Haggerty: Thomas finally turns it on in the third

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Haggerty: Thomas finally turns it on in the third

By Joe Haggerty
CSNNE.com

MONTREAL There were a lot of heavy criticisms being weighed at Tim Thomas heading into Monday nights Game 3 at the Bell Centre home of the Canadiens.

Some were fair and some werent, but he answered all of them with a third period for the ages.

Thomas has obviously proven everything he needs to during the regular season, but hes always had a difficult time recreating his uniquely magical brand of goaltending during the playoffs. The 37-year-old had never really stolen a playoff game for the Bruins in his four years of playoffs, and hes only captured one series victory in four tries at the Stanley Cup playoffs.

His save percentage after two games against Montreal sat at .891. He set the NHL record for that statistic during the regular season so something was clearly amiss.

With questions swirling about his game after a couple of juicy rebounds surrendered in Bostons Game 2 loss, Thomas looked to be on something close to a mission while standing on his head for 14 saves in a 4-2 win for Boston at the Bell Centre Monday night.

I was happy to get the win. The team needed it . . . I needed it, said Thomas, with an allusion toward the less-than-stellar way the series began for Bostons elite goaltender.

That it all came after Thomas had fallen victim to a pair of five-hole scores from Andrei Kostitsyn and Tomas Plekanec in the final two periods was a tribute to the Boston goaltenders determination and experience in dusting off miscues.

It seems big-game experience combined with his still-sharp goaltending skills are finally marrying into a formidable postseason goaltender, serving notice to Montreal attackers theres no discernible difference between regular-season Timmy and playoff Timmy.

Either way, thou shalt not pass with the puck.

Thats Timmy, said Patrice Bergeron. You look at his career and what hes been through, and where hes at now. Hes amazing. You cant question his mental stuff. Hes a battler and hes a competitor. Im just happy to have him with us.

The Thomas highlight stop with four minutes remaining in the third period on Kostitsyn from the edge of right face-off dot was equal parts aggressive and confident. It was a statement that the Canadiens werent going to tie things up easily with a 3-2 score on the board.

Mike Cammalleri set Kostitsyn up with a nifty little drop-back pass, and the Belarus native was turned away by Thomas without any of the superfluous movement that can sometimes creep into the goalie's game. Thomas simply kept telling himself how good it was going to feel once hed mastered the chaos and chances around the net in the third period. He came through with save after save after glorious save.

Call it the Timmy happy place, if you must.

It was nerve-wracking, but it also felt great, said Thomas when asked what it was like to battle through the chaos while Montreal leveled 15 shots at him. It was great to have the lead and be battling from that side of it. You just kept thinking its going to feel good if you end up on top.

After smothering Kostitsyns sniper bid, Thomas pounced on a point-blank chance from Scott Gomez directly on the doorstep and fought off the underachieving Montreal forward for the puck before earning a play stoppage.

It was a little bit street hockey-style at times, but it worked as the Canadiens flooded him with shots in a third period. Montreal outshoot the Bruins by a 15-6 margin, but Thomas never gave an inch after his two miscues.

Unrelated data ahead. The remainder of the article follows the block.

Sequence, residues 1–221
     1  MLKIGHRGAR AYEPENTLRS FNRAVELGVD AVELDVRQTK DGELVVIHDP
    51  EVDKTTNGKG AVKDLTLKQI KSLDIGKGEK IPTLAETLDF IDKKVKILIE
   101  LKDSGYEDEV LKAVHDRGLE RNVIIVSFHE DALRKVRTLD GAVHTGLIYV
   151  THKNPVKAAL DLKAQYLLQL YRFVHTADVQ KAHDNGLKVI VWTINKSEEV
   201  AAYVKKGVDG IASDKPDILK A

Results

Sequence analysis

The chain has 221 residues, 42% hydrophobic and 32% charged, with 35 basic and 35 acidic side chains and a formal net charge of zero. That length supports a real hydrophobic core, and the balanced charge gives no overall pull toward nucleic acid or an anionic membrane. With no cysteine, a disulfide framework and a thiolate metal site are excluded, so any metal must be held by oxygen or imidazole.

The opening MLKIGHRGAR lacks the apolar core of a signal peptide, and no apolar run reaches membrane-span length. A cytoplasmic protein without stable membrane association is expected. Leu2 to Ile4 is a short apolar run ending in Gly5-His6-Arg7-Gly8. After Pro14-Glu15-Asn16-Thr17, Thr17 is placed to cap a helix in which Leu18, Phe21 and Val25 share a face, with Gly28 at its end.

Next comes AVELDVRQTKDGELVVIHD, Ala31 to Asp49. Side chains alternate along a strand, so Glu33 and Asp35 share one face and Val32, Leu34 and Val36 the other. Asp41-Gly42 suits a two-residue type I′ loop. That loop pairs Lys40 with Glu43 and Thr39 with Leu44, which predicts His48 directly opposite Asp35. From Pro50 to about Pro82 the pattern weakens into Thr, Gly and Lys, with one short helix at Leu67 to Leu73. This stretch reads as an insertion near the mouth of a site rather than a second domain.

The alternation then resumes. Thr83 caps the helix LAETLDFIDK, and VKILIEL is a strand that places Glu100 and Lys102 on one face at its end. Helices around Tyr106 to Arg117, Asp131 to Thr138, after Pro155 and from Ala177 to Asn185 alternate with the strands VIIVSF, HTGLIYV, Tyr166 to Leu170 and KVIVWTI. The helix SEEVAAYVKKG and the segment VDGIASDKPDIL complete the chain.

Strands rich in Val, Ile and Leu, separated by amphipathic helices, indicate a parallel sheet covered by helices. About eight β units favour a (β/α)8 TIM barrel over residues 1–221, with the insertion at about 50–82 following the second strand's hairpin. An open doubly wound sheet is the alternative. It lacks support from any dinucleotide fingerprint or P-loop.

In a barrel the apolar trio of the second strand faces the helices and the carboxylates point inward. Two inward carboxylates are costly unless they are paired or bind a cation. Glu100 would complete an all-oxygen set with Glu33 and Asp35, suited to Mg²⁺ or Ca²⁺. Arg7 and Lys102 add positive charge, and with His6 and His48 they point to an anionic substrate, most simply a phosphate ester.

Steeled by the failures just 48 hours prior on his own home ice, Thomas felt like he had a lot to prove to his teammates, the fans and most importantly to himself after hovering somewhere between average and rented goalie in the first few games of the series.

In the third period Thomas ascended from rented goalie to Vezina Special, and the Habs have to be concerned the notoriously streaky Boston goalie is about to rip off one of his patented otherworldly stretches.

Nothing can get by him when Thomas is feeling it and he seemed to be feeling something in the final 15 minutes.

He made some big saves, said Claude Julien. The fact that he could do that shows a lot of character because theres no doubt hed like to have those two goals back. But he could have had negative thoughts and not been sharp, but doing what he did meant he wanted to redeem himself.

Those saves were huge because if he didnt make them then youre looking at a tie game in their building.

Thomas has learned a lot over his nearly 850 career hockey games in the ECAC, ECHL, Finland, Sweden, the AHL, IHL, NHL, and all points in between and perhaps the biggest lesson is its not about how you start, its about how you finish. And Thomas punched an exclamation point in the final period with the way he controlled everything between his pipes while giving his team some life.

The real Thomas and the rest of the sleeping Bruins have finally woken up, and now the playoff series is about to get very interesting.

Joe Haggerty can be reached at jhaggerty@comcastsportsnet.com. Follow Joe on Twitter at http:twitter.comHackswithHaggs

Bergeron and Marchand convinced Backes to join Bruins

Bergeron and Marchand convinced Backes to join Bruins

JAMAICA PLAIN -- For those excited about the idea of an intense, hard-hitting David Backes in a Bruins uniform for the next five years, you have Patrice Bergeron and Brad Marchand to partially thank.

Backes, 32, didn’t know either of them all that well prior to this summer, aside from his experiences on ice against them. But Bergeron and Marchand called Backes multiple times while recruiting him to Boston, and it was a major factor in the former Blues captain signing a five-year, $30 million deal with the B's.

“Being an outsider, we need to have a little bit of confession here that Marchand is the kind of guy that gets under everybody’s skin. I was no different,” said the 6-foot-3, 221-pound Backes, who has 206 goals and 460 points in 727 career NHL games, all with St. Louis. “But then talking to him a little bit in the interview process prior to July 1, I hung up the phone and had to take a deep breath and say to myself, ‘That little disturber, he’s actually a pretty good guy.’ Those guys end up being the best teammates.